Project Description: The goal of this project is to establish the difference between feeding and fasting states in wild bottlenose dolphins. The samples collected at Dolphin Quest Oahu will be used specifically to establish biomarker uptake and excretion in bottlenose dolphins for either TMAO or arsenobetaine (AsB), another biomarker that may prove useful for interpreting past feed history.

Marine Mammal/Conservation Benefit: Collecting of baseline data in a controlled experimental environment will allow for the more meaningful analysis of fasting and feeding data collected in wild and or stranded animals.


Mother‐Calf Echelon Swimming Analyses

Project Investigators: Shawn Noren-Kramer

Affiliate Organizations: Institute of Marine Science, University of California, Santa Cruz

Species: Bottlenose dolphin (Tursiops truncatus)

Dolphin Quest Support: 2007-2012

Project Description: This project involved further analyses on the mother‐calf swimming kinematics study previously funded and supported by Dolphin Quest and to prepare an additional manuscript.

Marine Mammal/Conservation Benefit: This study helps to determine the ability of dolphin calves to keep up with their mother during the chase that is part of the Eastern Tropical Pacific tuna fishery. Findings suggest that when the fisherman are enclosing the tuna within the giant purse-seine net enclosure, dolphin calves are separated from their mother, thereby being left alone and subject to predation subsequent to the separation. This has long been the suspected reason that dolphin populations in this region have not recovered from previous losses associated with this fishery. With the findings of this project, scientists have a direct cause and effect relationship between the chase, and the related loss of dolphin calves.


Ultrasonography as a Tool for the Routine Monitoring of Fetal Development in Tursiops truncatus

Project Investigators: Tom Cardy

Affiliate Organizations: The Royal Veterinary College, London; Dolphin Quest Bermuda

Species: Bottlenose dolphin (Tursiops truncatus)

Dolphin Quest Support: 2008

Project Description: The breeding program at Dolphin Quest Bermuda presents a unique experimental setting on which to base an analysis: females were bred at the same time in a controlled environment, all calves were born successfully and are flourishing and extensive ultrasound data was routinely collected around a variety of physiological parameters.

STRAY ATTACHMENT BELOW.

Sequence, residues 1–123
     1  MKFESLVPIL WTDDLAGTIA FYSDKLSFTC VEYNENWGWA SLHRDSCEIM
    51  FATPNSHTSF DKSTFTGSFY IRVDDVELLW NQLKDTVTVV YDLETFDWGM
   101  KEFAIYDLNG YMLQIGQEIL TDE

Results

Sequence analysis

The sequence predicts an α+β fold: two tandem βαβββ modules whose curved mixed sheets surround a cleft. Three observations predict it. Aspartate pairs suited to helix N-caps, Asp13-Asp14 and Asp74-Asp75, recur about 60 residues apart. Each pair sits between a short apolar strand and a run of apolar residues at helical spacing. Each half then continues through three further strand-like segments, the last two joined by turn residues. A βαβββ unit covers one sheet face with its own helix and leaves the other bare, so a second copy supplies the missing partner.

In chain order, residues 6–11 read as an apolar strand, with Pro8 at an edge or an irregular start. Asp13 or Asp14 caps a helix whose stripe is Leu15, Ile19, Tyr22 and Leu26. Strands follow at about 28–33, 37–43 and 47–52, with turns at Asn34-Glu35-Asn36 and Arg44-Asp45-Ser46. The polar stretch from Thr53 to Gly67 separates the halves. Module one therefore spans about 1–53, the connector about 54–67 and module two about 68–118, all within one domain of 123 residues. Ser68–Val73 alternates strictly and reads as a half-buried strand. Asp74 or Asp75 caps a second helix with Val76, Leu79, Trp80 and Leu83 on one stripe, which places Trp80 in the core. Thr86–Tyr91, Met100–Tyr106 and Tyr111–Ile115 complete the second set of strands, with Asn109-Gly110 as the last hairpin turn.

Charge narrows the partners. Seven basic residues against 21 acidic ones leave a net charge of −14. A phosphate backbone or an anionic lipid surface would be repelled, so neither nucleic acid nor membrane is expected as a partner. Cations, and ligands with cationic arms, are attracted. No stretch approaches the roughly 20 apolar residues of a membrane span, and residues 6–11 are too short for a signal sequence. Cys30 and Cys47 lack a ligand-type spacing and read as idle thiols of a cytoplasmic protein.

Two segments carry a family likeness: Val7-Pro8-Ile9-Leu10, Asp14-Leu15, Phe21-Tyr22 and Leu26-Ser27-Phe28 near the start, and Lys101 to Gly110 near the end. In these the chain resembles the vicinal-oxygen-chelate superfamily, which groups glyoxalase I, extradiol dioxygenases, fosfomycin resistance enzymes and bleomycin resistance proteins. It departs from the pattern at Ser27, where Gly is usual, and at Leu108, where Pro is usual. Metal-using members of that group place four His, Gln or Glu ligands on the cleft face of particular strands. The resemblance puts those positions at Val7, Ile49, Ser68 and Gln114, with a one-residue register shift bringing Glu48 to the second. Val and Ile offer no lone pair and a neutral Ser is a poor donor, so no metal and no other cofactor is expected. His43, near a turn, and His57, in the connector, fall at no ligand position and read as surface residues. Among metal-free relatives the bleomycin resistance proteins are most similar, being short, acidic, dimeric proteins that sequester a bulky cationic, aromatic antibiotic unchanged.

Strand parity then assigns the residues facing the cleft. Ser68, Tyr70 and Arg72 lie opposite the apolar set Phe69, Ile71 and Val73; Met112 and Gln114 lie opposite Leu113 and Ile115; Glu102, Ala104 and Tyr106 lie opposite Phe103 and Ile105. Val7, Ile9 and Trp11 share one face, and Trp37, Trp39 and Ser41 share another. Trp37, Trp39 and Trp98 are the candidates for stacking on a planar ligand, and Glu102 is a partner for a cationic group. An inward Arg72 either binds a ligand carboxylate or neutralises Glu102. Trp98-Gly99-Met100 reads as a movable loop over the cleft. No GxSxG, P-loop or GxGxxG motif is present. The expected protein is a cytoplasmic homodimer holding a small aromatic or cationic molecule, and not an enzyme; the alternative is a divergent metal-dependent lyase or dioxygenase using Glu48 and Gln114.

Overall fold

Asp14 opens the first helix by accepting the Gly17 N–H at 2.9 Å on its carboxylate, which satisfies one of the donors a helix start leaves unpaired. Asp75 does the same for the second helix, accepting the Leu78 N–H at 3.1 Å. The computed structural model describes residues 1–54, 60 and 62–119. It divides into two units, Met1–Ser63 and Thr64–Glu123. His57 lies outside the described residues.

Marine Mammal/Conservation Benefit: Analysis of the data would provide useful Bermuda–specific benchmark information on which to compare the future development of calves, whilst also providing the foundations for a potential paper or poster on artificial insemination in Tursiops truncatus.


Fatty Acid and Proximate Analysis of Bottlenose Dolphin (Tursiops truncatus) Milk and Prey

Project Investigators: White, W.

Affiliate Organizations: Hawaii Pacific University

Species: Bottlenose dolphin (Tursiops truncatus)

Dolphin Quest Support: 2008 – 2010

Project Description: This project investigated factors that could affect milk composition, specifically diet of the mother, and described the fatty acids found in dolphin milk and prey to determine if milk is viable tissue to predict dietary history of wild dolphin populations.

Marine Mammal/Conservation Benefit: If milk sampling is a viable means for predicting dietary history, this methodology could be applied to field studies with wild dolphins. This would allow for a more complete collection of relative data during these field health assessments.


The Quantity and Quality of Milk Intake in Dolphin Calves: An Expansion of Project Newborn

Project Investigators: Kristi West, Oftedal, O., Carptenter, J.

Affiliate Organizations: Hawaii Pacific University, Kaneohe, HI; National Zoological Park, Washington DC; University of Hawaii at Manoa, Honolulu

Species: Bottlenose dolphin (Tursiops truncatus)

Dolphin Quest Support: 2009

Project Description: This project aims to quantify nutrient transfer from bottlenose dolphin lactating mothers to their calves, while simultaneously examining body fat reserves and calf growth.

Marine Mammal/Conservation Benefit:

  • Increased understanding of the nutritional requirements of calves
  • Application in the care of stranded/orphaned or hand –reared calves

Relaxin and Progesterone During Pregnancy and Early Post-partum in Association with Live and Stillborn Calves in Bottlenose Dolphins (Tursiops truncatus)

Project Investigators: Bergfelta, D.R., Steinetzb, B. G., Lasanob, S., Kristi West, Michelle Campbell, Adams, G. P.

Affiliate Organizations: US Environmental Protection Agency, Washington DC; New York University School of Medicine, Tuxedo, NY; Hawaii Pacific University, Kaneohe, HI

Species: Bottlenose dolphin (Tursiops truncatus)

Dolphin Quest Support: 2009-2010

Project Description: Analyzed the levels of hormones progesterone and relaxin relative to pregnancy in association with successful live births and still born calves.

Marine Mammal/Conservation Benefit: Increased understanding of the role of these hormones in the maintenance and success of pregnancies


Characterization of Urine Concentrations of Relaxin and Progesterone during Pregnancy and the Periparturient Period in Bottlenose Dolphins (Tursiops truncatus)

Project Investigators: Steinetz, B. G., Bergfelt, D. R., Adams, G. P.,  West, K., Brown J.

Affiliate Organizations:  US Environmental Protection Agency, Washington DC; University of Saskatchewan; New York University School of Medicine; Hawaii Pacific University; Smithsonian Institution’s Conservation Research Center

Species: Bottlenose dolphin (Tursiops truncatus)

Dolphin Quest Support: 2010

Project Description: To analyze the hormones relaxin and progesterone in dolphin urine, relative to dolphin pregnancies. Archived and fresh-collected Dolphin Quest serum and tissue samples play a key role in making this new study possible.

Marine Mammal/Conservation Benefit: